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New Residence Hall Under Construction at Cedarville University

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New Residence Hall Under Construction at Cedarville University

Construction of a new residence hall is underway at Cedarville University. The 300-bed residence complex is scheduled to be completed in 2002 to help meet the increasing demand for on-campus housing at the independent institution.

by Public Relations Office

September 24, 2001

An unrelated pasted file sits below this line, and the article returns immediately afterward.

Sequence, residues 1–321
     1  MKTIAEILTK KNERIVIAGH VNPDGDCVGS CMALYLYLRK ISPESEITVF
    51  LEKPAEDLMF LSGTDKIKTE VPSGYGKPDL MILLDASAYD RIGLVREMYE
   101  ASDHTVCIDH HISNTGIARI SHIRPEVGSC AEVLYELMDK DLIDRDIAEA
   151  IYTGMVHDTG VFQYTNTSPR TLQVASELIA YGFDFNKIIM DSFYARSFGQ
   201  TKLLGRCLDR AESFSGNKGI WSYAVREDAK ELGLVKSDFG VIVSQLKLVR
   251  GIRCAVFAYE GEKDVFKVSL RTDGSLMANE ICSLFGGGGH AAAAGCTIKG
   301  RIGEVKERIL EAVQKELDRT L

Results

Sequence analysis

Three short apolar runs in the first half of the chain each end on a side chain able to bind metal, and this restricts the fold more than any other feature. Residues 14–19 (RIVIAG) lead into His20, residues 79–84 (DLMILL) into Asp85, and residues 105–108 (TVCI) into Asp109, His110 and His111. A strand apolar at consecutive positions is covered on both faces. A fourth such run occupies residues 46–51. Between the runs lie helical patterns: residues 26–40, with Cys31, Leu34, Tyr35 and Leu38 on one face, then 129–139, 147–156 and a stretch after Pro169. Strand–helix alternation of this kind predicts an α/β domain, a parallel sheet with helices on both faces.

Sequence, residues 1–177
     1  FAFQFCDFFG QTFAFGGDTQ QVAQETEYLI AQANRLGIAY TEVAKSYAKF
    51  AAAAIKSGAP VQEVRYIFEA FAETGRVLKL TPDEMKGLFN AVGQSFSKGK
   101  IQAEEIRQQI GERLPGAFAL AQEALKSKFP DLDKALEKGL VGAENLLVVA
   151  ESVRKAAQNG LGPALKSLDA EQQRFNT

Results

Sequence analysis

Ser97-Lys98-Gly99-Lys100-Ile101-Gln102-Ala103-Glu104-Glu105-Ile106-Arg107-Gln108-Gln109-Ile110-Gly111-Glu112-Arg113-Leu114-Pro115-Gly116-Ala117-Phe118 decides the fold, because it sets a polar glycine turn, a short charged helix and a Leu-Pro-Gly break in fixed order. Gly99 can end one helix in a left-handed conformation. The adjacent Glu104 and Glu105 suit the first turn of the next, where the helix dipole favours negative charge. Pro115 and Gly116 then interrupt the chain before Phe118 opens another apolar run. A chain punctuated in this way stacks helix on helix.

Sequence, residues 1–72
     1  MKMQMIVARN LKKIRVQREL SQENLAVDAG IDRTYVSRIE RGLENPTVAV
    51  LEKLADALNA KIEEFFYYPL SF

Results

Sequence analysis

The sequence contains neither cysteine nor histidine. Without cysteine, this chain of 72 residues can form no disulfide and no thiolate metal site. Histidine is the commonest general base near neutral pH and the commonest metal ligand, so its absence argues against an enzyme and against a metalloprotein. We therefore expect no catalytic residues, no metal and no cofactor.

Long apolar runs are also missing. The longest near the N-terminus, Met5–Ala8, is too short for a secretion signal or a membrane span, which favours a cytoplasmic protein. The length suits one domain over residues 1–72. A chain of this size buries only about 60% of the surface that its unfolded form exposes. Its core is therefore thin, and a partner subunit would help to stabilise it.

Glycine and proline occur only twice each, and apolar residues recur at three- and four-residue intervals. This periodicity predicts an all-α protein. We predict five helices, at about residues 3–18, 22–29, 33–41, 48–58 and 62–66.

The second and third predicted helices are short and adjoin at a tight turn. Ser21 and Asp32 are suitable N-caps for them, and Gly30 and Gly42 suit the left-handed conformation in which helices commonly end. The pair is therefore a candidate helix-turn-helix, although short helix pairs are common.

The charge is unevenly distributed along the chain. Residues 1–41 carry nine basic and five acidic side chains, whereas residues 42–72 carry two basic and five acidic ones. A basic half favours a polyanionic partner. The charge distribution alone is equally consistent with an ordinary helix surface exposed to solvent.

Cedarville, Ohio - Cedarville University has begun construction of a new residence hall to help meet the increasing demand for on-campus housing at the independent institution. "The 300-bed residence complex is scheduled to be completed in time for the 2002-2003 academic year," said Dr. Carl Ruby, vice president for student services. "This will bring our on-campus resident capacity to slightly more than 2,500. Even with this increased bed capacity, we will still have 400-500 students who reside off-campus," he explained. The facility under construction is a design familiar on the Cedarville campus. It will consist of a wing designated for male students and a wing designated for females. The two wings are adjoined by a conference center. "This is the third complex of this design we have built in the past ten years," Ruby explained. "We find it serves the needs of our students extremely well. It also helps us to fulfill our stewardship responsibility as we eliminate some of the need for new architectural and engineering drawings by using a similar design." "We could have used this facility this year," Ruby said. "We have had a higher retention rate than usual the past couple of years," he explained, "and a larger number of students requested on-campus housing than normal. This means we are in an overflow mode for male students," Ruby said. "We believe this is due to three things," Ruby explained. "First, the Stevens Student Center opened last fall and has refocused much of students' social activities back on the campus. Second, our residential students have greater access to Cedarville's award-winning computer network than those who commute. And third, Cedarville has bucked national trends by attracting a higher percentage of traditional residential students." Ruby noted that more than 65 percent of Cedarville students come from outside of Ohio.